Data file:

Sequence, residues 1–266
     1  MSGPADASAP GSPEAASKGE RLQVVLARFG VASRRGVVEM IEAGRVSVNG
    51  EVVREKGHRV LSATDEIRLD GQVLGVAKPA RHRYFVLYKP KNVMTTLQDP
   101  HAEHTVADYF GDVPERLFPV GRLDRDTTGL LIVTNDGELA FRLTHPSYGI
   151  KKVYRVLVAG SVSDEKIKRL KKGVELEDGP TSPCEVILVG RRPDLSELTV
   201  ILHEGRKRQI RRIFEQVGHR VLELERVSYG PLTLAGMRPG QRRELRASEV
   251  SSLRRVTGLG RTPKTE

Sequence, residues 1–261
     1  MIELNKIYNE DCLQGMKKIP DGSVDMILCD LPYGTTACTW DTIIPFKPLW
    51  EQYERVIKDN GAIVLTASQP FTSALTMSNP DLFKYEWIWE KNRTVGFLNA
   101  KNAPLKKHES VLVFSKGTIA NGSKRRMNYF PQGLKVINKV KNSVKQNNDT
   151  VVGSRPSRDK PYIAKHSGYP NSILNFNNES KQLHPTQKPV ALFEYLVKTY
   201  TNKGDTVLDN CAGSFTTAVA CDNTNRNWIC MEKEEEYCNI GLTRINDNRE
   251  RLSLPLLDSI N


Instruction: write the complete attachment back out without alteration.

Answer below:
Sequence, residues 1–266
     1  MSGPADASAP GSPEAASKGE RLQVVLARFG VASRRGVVEM IEAGRVSVNG
    51  EVVREKGHRV LSATDEIRLD GQVLGVAKPA RHRYFVLYKP KNVMTTLQDP
   101  HAEHTVADYF GDVPERLFPV GRLDRDTTGL LIVTNDGELA FRLTHPSYGI
   151  KKVYRVLVAG SVSDEKIKRL KKGVELEDGP TSPCEVILVG RRPDLSELTV
   201  ILHEGRKRQI RRIFEQVGHR VLELERVSYG PLTLAGMRPG QRRELRASEV
   251  SSLRRVTGLG RTPKTE

Sequence, residues 1–261
     1  MIELNKIYNE DCLQGMKKIP DGSVDMILCD LPYGTTACTW DTIIPFKPLW
    51  EQYERVIKDN GAIVLTASQP FTSALTMSNP DLFKYEWIWE KNRTVGFLNA
   101  KNAPLKKHES VLVFSKGTIA NGSKRRMNYF PQGLKVINKV KNSVKQNNDT
   151  VVGSRPSRDK PYIAKHSGYP NSILNFNNES KQLHPTQKPV ALFEYLVKTY
   201  TNKGDTVLDN CAGSFTTAVA CDNTNRNWIC MEKEEEYCNI GLTRINDNRE
   251  RLSLPLLDSI N